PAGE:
CS 5010 F '09
Pair Programming
The Recipes
The Style
Set 1
Set 2
Set 3
Set 4
Set 5
Set 6
Set 7
Set 8
Set 9
Set 10
Set 11
Set 12

Problem Set 3


Due date: 10/07


The goal of this problem set is to help you design functions that deal with arbitrarily large data, especially trees, forests of trees and trees of forests, and forests of forests.


HtDP: 14.1.4, 14.1.6, 14.2.1, 14.2.2, 14.2.3, 14.2.4, 17.6.4, 17.6.6, 17.7.1, 17.7.2, 17.7.3, 17.7.4

Required Problems:

Note: You must use DrScheme's HtDP Intermediate Student Language.

  1. Economists use "choice trees" to record how decisions are made in so-called binary situations:

        (define-struct choice (left right))
        ;; An ChoiceTree is one of: 
        ;; -- Number 
        ;; -- (make-choice ChoiceTree ChoiceTree)
    The weight of a ChoiceTree is the sum of its numbers.

    For the analysis of ChoiceTrees we need two functions:

    1. balanced?, which determines whether a ChoiceTree is balanced.

      Definition: A balanced choice tree contains only instances of choice structures whose two subtrees have the same weight.

    2. decide, which consumes an ChoiceTree and a list of Directionss to find a final decision---a leaf---in the tree.

      Definition: A Direction is one of: "left" or "right".

      Naturally, decide works just like a person who is given a list of directions in a city. When, however, the function exhausts the list and hasn't discovered a leaf yet, it signals an error. Similarly, it is also an error if the function reaches a leaf and there are some directions left.

  2. Design the function sumF, which adds up all the numbers that occur in a forest. Here are the relevant data definitions:
        ;; A Forest is one of: 
        ;;  -- empty 
        ;;  -- (cons Tree Forest)
        ;; A Tree is one of: 
        ;;  -- Number 
        ;;  -- (cons Forest (cons Number (cons Forest empty)))
  3. Design a program that renders an Expr as an image:
         (define-struct pls (x in?))
         (define-struct mul (x in?))
         ;; Expr is one of:
         ;; -- Number
         ;; -- (make-pls (cons Expr 1LON) Boolean)
         ;; -- (make-mul (cons Expr 1LON) Boolean)
         ;; 1LON is one of: 
         ;; -- (cons Expr empty)
         ;; -- (cons Expr 1LON)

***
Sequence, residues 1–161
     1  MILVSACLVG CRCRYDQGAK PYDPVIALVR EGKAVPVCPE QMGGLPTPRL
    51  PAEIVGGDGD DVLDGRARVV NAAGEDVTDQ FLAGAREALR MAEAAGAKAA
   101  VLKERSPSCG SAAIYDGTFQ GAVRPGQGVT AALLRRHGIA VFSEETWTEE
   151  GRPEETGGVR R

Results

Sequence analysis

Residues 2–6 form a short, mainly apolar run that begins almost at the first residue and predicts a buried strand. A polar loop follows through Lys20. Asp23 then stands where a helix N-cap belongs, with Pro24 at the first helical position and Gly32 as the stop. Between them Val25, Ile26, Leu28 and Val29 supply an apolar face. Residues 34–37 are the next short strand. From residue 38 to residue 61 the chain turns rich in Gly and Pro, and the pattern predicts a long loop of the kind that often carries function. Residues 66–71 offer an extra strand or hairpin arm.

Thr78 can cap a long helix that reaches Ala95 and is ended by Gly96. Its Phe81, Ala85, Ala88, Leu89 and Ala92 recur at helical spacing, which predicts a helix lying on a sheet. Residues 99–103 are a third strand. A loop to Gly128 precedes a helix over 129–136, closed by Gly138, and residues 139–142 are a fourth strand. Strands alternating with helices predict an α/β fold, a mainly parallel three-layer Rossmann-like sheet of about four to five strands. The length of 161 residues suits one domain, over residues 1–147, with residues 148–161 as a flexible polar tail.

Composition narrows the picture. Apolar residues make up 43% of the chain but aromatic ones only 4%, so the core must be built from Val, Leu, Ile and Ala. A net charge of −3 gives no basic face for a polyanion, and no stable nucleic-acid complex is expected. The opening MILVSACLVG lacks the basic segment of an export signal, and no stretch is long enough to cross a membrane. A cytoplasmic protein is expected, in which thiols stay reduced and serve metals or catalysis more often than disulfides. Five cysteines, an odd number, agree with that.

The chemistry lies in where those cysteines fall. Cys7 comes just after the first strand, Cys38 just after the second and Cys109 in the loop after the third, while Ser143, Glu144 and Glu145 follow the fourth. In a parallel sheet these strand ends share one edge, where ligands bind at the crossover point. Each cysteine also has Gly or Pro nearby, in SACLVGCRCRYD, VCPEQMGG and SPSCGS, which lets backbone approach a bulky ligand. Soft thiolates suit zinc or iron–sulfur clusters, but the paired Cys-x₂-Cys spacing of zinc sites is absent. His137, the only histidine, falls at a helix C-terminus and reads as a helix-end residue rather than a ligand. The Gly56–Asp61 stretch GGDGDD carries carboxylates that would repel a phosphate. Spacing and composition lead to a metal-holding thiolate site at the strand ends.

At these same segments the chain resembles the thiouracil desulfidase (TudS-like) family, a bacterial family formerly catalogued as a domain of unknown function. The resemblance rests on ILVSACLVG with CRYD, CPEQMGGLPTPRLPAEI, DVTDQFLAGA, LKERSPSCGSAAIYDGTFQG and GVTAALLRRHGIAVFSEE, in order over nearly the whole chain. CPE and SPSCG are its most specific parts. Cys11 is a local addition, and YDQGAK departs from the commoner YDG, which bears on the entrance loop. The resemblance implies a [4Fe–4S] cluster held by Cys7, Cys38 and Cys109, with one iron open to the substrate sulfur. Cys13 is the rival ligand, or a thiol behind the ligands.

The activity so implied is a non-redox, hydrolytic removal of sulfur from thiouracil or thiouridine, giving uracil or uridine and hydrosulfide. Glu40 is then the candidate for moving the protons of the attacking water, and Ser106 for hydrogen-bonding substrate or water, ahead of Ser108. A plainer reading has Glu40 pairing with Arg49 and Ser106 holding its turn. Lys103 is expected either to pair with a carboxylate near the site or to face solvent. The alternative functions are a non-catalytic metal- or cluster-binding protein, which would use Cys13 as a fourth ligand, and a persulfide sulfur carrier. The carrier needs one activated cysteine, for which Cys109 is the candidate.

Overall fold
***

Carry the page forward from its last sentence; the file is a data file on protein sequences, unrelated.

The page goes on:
;; interp. a pls struct represents an addition expression
         ;; with at least two sub-expressions; a mul represents a 
         ;; multiplication; the boolean flag indicates whether it 
         ;; represents an infix or a prefix expression. 
    The rendering program consumes an Expr and produces an image. It ignores the boolean flags and instead renders all expressions as prefix expressions.

    Here are two examples:
    (make-pls (list 1 3 2) true)
    (make-mul (list (make-pls (list 1 3 2) true)
                    (make-mul (list 1 3 2) true))
    Hint: This problem is related to problems 1.3 and 2.3.

    Domain knowledge: The rendering places only the first sub-expression of an addition or multiplication on the same line as the operator. All others are on separate lines below the first line, always indented by five pixels -- relative to the beginning of the inner-most sub-expression. The closing parentheses of an expression appears on its last line.

  4. Mini Project: Design a Space Invader program.

    The player is in control of a ``tank'' (render as a small rectangle) that must defend earth (the bottom of the canvas) from a UFO (``flying saucer'') that descends from the top of the canvas to the bottom. In order to stop the UFO from landing, the player may fire missiles (triangles, smaller than the ``tank'') -- as many as desired. To fire a missile, the player hits the space bar and, in response, a missile emerges from the tank. If the UFO collides with any of the fired missile, the player wins; otherwise the UFO lands and the player and ``earth'' is lost.

    Here are some details concerning the movement of the three game objects. First, the tank moves a constant velocity along the bottom of the canvas. The player may use the left arrow key and the right arrow key to change directions. Second, the UFO descends at a constant speed but makes small random jumps to the left or right---without ever disappearing from the canvas. Third, once fired a missile ascends along a straight vertical line at a constant speed at least twice as fast as the UFO descends. Finally, the UFO and the missile ``collide'' if their reference points are close enough---for whatever you think ``close enough'' should mean.

    BSL and ISL come with the function

         ;; random : NaturalNumber -> NaturalNumber 
         ;; (random n) produces a number in [0,n)
         (define (random n) 
           ;; magic happens here 
    Use this function to move the UFO randomly, but remember to always keep the UFO inside the canvas's boundaries. -- To test functions that employ random, create a main function that calls an auxiliary function. The auxiliary function should not use random and should perform all computations. Instead the main function should call the auxiliary function on random numbers. That way you can still test the auxiliary function where all the real computation happens.

last updated on Wed Dec 2 17:58:10 EST 2009generated with PLT Scheme